SANDY — Rodgers and Hammerstein’s Cinderella is a classic most are familiar with. Multiple generations have experienced a film version, whether it starred Julie Andrews (1957), Lesley Ann Warren (1965), or Brandy and Whitney Houston (1997). The original book and lyrics were by Oscar Hammerstein II with music by Richard Rodgers. In 2013 the Broadway production of Rodgers and Hammerstein’s Cinderella opened, with new book by Douglas Carter Beane, music adaptation and arrangements by David Chase, and orchestrations by Danny Troob. This new adaptation made interesting changes, including a prince with more of a presence, a sassier Fairy Godmother, a kinder stepsister, a revolutionist, and a more purposeful Cinderella. This version is currently playing at the Hale Centre Theatre, directed and choreographed by Dave Tinney.
Cinderella was played by Amy Keeler. One of my favorite scenes with Ella was during her performance of the song, “In My Own Little Corner.” I loved that the majority of this scene took place in the exterior of the home and that the song included a fox and a raccoon puppet interaction. This interaction gave Ella someone to sing to other than herself, and it added some fun for a younger audience. A potent moment during this song was when Ella sang about the lioness in her Lair, motioning toward the front door where her stepmother had just gone through. This gesture did well to establish Ella’s personality and how she felt about Madame (Eden Benson). Keeler was a strong vocalist and performer who did well in this role.
Prince Topher, played by Derek Smith, was a strong male role who still had some endearingly awkward insecurities. The prince had no fear in facing giants or dragons, but girls were another matter. The character’s awkwardness in certain situations made him seem more real and relatable. Smith had an incredible singing voice, and I especially loved his ending notes in the song, “Love Come Home To Me.”
Marie, played by Mack, was a perfect blend of sassy, crazy, and completely lovable. Marie was a fairy godmother that would be fun to have. Her song, “Impossible,“ was definitely a fun highlight the show. Mack’s voice was powerful, and while she could be her own, unique soloist, she could also blend well with the rest of the cast, standing out when needed. Marie was my favorite character on stage.
Madame (Benson) and her two daughters, Gabrielle (Kelly Coombs) and Charlotte (Ali Bennett), were always a riot on stage. I would not want Madame as my mother figure. Benson did splendidly at ridiculing Ella and Charlotte. However, I loved the fun and happy chemistry during the song, “A Lovely Night,” between all four women. That song led into a fun relationship between Ella and Gabrielle that I found delightful. Another fun relationship was between Gabrielle and Jean-Michel (Keith Evans). Gabrielle seemed ditsy and oblivious while Jean-Michel was extremely aware of the corruption in the kingdom. Jean-Michel lacked confidence, where as Gabrielle had no lack of confidence. I loved how they both used their strengths to strengthen each other.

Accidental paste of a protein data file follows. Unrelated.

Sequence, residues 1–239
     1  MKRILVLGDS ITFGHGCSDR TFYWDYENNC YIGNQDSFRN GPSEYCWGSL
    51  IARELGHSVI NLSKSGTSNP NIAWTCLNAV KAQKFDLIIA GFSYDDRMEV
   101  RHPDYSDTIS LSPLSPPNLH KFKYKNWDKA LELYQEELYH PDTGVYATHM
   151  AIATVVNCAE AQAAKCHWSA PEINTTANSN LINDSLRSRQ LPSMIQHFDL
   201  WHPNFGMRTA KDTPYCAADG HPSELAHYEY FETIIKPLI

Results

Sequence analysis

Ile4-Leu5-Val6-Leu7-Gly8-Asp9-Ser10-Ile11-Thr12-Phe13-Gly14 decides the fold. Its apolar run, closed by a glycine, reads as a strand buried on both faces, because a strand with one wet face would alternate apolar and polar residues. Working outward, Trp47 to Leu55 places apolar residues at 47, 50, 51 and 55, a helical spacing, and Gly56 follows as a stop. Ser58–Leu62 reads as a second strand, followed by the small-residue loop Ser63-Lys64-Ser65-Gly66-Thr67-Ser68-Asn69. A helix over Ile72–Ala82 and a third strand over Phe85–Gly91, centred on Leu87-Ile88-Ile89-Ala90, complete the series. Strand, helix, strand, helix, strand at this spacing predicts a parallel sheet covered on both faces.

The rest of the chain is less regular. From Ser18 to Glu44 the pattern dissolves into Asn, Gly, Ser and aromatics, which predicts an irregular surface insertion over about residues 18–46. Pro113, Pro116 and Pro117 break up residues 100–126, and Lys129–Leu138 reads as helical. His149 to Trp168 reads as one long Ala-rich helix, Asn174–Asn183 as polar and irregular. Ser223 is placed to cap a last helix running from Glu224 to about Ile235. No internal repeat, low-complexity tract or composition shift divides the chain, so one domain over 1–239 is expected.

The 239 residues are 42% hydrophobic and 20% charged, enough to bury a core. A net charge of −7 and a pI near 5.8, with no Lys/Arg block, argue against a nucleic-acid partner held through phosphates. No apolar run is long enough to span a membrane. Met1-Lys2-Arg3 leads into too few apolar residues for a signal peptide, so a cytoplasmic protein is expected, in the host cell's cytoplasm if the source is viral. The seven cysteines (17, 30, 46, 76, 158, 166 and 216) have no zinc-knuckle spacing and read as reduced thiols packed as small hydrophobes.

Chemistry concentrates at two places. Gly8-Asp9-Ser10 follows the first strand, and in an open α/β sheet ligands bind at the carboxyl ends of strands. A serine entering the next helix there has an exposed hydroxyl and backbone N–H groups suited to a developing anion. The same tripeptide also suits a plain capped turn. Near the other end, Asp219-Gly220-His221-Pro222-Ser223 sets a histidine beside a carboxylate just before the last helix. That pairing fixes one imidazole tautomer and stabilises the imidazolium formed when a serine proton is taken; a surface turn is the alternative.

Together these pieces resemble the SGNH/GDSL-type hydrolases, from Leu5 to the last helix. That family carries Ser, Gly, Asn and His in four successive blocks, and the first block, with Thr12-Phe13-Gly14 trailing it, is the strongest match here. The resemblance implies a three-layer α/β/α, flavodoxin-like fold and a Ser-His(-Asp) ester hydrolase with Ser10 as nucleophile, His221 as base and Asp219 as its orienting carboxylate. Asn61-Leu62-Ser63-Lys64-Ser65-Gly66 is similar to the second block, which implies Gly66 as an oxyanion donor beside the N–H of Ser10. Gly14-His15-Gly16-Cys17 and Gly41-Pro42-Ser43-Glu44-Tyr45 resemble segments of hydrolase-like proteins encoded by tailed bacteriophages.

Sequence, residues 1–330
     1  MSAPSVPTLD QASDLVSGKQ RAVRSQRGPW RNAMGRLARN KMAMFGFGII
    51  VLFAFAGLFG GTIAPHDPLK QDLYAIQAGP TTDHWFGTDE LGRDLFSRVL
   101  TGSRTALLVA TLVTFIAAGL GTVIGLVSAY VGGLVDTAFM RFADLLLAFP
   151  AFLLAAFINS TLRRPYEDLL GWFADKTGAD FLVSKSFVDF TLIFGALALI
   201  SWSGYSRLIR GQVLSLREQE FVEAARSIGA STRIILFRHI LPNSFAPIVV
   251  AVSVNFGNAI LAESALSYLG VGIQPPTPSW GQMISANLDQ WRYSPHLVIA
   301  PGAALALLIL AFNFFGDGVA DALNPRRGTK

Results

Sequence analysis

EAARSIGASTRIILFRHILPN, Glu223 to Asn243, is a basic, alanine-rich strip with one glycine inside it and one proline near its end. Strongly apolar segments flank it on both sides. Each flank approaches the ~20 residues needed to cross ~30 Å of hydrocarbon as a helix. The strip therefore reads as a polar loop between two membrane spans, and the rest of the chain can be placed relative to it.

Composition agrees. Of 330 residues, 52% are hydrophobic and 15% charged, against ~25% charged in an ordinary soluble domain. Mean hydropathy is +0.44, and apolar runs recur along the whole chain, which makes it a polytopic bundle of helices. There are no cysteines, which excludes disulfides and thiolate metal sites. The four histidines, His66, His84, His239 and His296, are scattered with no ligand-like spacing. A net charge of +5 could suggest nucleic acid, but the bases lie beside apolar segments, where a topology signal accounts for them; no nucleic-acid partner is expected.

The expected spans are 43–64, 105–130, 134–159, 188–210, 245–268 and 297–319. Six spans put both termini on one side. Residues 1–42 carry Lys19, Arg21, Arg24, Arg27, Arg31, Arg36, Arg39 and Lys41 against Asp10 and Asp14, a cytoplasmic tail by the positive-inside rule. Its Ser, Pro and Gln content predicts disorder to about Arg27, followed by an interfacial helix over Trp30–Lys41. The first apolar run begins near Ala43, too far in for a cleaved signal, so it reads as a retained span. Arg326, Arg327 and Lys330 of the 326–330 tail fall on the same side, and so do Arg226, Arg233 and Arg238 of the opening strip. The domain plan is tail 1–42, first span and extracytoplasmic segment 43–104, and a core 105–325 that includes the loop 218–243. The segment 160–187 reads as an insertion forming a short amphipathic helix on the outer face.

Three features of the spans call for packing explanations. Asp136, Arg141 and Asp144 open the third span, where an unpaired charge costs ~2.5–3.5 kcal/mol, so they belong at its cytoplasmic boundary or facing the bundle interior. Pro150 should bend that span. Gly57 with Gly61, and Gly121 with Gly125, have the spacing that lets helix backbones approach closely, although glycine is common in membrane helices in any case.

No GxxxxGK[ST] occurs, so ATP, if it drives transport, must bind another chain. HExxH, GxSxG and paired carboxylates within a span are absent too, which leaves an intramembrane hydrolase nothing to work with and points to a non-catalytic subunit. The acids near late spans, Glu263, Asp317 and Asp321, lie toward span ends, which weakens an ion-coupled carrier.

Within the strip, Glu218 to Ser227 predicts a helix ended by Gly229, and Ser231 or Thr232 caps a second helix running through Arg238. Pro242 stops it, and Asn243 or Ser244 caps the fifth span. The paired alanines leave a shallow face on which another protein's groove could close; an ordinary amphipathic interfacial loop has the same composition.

This production was my first experience with the new theater in the round at the Sandy Hill theater. I have heard occasionally of others who feel that the resources and capabilities of this theater or underutilized. This complaint was definitely not the case with their current production of Cinderella. The floral decked sets magically grew up from the ground, rolled in from the wings, and floated down from the ceiling. I was continually amazed by the variety of the locations of scent and how smoothly they came in and out. Often the set was changing while the performers were in the process of performing. During one set change, Cinderella was outside of her home, and she walked through a door, only to have the door, while she was going through it, roll across the stage with her on the platform as the new set formed the interior of the home around her. At first it felt like the set (designed by Kacey Udy) was overly flowery, with the fake flowers everywhere, but as the flowers were carried on throughout all of the set pieces and not just the first set piece, it became more of a design motif than an overabundance in one spot. All of the set pieces were well-crafted and painted, including a variety of marble on the palace floor. The screens around the theatre added to the magic without detracting from it. The tech for this production was incredible. Like the set, the props (design by Michelle Jensen) like the prince’s horse and a dragon buffered the magic of the show.
Costumes were designed by Mary Ann Hill, assisted by Amanda Dobbs. There was a huge variety of formal suits and gowns worn by the lower class of the kingdom. All the gowns were fun and colorful, especially during the ballroom scene. In the ballroom scene, all of the guests were in color while Cinderella wore a white dress. Cinderella‘s dress was the only gown that glittered and sparkled, which nicely brought the attention to her. There were three different magical costume changes that happened, but I won’t go into detail yet so as not to ruin the fun for others.
This production of Cinderella was a pure delight. The show would make for a wonderful father-daughter date, and it is fun for all ages and audiences types. This new adaptation is perfect for Cinderella lovers, and this magical production is the perfect opportunity. The technical aspects alone make for a magical night out.